Photo from

Photo from

If I thought my family was the only unusual one on the planet, I was wrong. Other family stories beat us hands down in African genealogy adventures.

My friend Myriam, who is Parisian of Moroccan origin, told me that in order for her mother to know her own birthday, she had to go to a cemetery in Morocco.

The tradition there was to tell people: “You were born 2 days after this person passed away. Or 7 days before so and so died.” So to know your birthdate required visiting tombstones to substract or add days to another person’s death date.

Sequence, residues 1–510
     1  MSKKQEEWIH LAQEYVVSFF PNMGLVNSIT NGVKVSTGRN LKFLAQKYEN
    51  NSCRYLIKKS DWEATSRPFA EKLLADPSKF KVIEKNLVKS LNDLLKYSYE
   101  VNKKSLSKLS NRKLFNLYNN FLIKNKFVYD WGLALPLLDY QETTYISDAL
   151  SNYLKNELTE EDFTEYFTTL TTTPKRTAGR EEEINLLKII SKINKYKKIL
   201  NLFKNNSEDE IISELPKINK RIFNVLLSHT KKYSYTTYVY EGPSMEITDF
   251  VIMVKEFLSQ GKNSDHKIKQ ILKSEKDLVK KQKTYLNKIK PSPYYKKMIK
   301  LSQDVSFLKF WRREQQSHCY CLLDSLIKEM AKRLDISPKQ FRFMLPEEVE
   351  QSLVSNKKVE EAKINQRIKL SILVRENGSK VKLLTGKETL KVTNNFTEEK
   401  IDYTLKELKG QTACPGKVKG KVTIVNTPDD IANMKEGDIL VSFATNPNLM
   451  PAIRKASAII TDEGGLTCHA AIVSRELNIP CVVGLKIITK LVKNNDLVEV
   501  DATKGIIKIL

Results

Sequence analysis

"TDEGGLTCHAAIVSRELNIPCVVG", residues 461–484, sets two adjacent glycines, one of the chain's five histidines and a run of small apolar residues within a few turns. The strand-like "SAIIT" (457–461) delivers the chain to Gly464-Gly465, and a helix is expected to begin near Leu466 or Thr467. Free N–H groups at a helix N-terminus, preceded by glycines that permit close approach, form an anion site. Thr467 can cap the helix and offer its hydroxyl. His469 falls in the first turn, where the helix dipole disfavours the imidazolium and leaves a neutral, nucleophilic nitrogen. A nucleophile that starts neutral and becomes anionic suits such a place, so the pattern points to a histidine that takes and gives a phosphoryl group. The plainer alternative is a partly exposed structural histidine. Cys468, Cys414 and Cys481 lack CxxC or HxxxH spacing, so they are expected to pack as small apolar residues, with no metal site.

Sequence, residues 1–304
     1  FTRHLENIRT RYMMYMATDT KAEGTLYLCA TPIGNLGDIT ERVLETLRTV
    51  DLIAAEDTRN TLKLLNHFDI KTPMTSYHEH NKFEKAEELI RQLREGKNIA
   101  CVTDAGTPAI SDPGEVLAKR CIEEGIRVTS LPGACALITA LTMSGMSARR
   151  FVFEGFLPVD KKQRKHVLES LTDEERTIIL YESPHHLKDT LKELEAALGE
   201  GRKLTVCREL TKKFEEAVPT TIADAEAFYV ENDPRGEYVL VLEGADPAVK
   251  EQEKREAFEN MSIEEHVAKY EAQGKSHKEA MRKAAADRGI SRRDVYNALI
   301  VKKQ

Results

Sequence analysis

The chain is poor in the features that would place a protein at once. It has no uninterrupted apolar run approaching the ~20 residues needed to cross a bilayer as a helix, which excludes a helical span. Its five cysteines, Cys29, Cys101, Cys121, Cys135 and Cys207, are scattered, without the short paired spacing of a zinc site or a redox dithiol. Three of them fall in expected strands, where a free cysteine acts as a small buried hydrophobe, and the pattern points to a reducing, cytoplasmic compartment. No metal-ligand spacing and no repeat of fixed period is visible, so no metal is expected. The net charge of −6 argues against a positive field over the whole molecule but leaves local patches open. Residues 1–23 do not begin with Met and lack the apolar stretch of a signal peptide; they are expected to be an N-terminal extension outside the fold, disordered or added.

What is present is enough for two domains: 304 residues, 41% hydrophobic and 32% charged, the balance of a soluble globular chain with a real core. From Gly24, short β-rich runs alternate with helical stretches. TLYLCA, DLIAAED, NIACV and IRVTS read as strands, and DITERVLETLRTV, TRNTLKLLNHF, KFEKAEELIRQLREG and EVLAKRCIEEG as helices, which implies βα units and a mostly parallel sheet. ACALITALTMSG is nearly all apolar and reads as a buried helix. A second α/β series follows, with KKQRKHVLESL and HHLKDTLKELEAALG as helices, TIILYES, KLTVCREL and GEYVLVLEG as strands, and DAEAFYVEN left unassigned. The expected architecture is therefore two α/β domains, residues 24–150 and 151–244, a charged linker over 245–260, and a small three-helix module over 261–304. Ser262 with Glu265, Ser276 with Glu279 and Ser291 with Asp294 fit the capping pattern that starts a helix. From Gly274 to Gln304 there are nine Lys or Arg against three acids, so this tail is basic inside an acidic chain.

In this rare case, to be Congolese is easier. All I have to do is go to the patriarch of my family and get all the birthdays.

“What is grand-father’s date of birth?”
“I don’t know. He was pagan.”

Well, almost all the birth dates. The ones that are missing are those of my ancestors who were pagans.

Dates were not important in our Luba traditions, only events and the order of births. Later on, Catholic missionaries began to keep track of birth records.

So if you were Christian, you knew your birthday.


  1. colon cleansing on 06.01.2011

    There is evidently a bunch to know about this. I think you made various nice points in features also.

  2. Muchacho on 06.03.2011

    Hi there, a very good read and it sometimes just takes someone to post something like this to make me realise where I’ve been going wrong! Just added the site to my bookmarks so will check back now and then. Cheers.

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